Location and velocity measurement system using atomic clocks in moving objects and receivers
A coherent signal generated at a precise frequency determined by an atomic clock is transmitted by a moveable object. A receiver station compares the frequency of the coherent signal received from the moving object with a second coherent signal generated at the same precise frequency by an atomic clock in the receiver to determine the radial component of the velocity of the moveable object relative to the receiver as a function of the doppler shift of the transmitted signal. Low cost, low power, miniature atomic clocks with an accuracy of 10.sup.-11 make possible accurate measurements of velocities of only centimeters per second. Such velocity measurement can be used to enhance radar tracking in air traffic control and collision avoidance systems. These velocity measurements can also be used to resolve tracking ambiguities in precision location systems, such as prisoner, geriatric and airport ground control systems, where three or more receiver stations each having an atomic clock measure time of flight of the transmitted coherent signal to triangulate moving object position.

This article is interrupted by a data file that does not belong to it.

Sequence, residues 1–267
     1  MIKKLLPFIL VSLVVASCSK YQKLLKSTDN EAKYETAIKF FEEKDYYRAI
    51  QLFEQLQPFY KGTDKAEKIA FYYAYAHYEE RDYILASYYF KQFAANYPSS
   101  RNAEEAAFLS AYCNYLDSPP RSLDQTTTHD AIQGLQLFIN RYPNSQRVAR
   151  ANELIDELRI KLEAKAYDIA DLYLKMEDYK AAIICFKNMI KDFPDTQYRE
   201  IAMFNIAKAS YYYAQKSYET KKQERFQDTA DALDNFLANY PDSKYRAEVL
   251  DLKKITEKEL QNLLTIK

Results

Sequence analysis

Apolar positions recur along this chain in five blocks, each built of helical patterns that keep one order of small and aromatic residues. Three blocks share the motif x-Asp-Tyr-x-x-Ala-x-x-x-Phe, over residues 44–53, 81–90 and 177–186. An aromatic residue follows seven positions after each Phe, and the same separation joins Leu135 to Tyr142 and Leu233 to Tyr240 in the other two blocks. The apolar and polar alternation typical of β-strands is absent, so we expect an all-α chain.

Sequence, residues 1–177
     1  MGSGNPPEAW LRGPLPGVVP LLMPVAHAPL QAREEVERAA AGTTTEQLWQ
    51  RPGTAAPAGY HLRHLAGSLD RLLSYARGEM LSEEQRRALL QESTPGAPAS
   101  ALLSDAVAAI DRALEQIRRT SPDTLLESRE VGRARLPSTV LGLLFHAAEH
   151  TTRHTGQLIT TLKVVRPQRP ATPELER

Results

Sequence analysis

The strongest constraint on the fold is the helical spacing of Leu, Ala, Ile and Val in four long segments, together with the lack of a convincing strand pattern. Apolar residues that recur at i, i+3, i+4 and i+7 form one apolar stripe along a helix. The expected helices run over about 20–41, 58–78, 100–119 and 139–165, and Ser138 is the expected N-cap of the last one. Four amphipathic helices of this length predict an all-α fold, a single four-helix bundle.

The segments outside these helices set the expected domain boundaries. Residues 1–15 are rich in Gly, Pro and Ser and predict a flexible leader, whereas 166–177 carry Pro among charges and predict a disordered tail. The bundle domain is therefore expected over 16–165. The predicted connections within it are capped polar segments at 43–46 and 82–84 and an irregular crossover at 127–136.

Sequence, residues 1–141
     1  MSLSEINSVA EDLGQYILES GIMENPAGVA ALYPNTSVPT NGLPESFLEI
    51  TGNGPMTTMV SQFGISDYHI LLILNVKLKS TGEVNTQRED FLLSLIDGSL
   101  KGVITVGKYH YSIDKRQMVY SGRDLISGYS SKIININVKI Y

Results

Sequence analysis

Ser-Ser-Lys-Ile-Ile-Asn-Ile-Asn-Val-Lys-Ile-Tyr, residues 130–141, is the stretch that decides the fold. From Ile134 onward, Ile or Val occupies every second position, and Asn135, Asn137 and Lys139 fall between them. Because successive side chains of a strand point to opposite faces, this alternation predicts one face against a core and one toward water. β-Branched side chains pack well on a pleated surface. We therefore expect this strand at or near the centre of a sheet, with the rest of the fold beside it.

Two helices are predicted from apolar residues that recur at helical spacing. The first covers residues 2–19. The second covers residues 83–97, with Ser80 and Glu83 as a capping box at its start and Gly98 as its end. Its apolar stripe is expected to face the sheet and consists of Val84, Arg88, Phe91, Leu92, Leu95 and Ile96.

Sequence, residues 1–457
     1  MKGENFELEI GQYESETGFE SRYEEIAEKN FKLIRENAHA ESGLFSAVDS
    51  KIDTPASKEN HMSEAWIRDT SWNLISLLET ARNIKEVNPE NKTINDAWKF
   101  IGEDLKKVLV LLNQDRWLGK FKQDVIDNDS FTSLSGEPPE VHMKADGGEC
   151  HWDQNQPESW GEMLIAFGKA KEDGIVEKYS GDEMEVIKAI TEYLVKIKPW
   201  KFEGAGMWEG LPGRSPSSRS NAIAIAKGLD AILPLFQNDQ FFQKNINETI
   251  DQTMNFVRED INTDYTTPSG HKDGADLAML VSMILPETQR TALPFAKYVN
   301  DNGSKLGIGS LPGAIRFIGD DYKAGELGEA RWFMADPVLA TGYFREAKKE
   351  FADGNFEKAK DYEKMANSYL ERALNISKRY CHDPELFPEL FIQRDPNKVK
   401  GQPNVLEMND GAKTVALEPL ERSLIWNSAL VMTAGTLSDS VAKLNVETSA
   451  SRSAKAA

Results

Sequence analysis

Latest Northrop Grumman Corporation Patents:
1. Apparatus for determining a relative velocity of a moveable object comprising:
- signal generating means carried by said moveable object transmitting a first coherent signal at a selected frequency;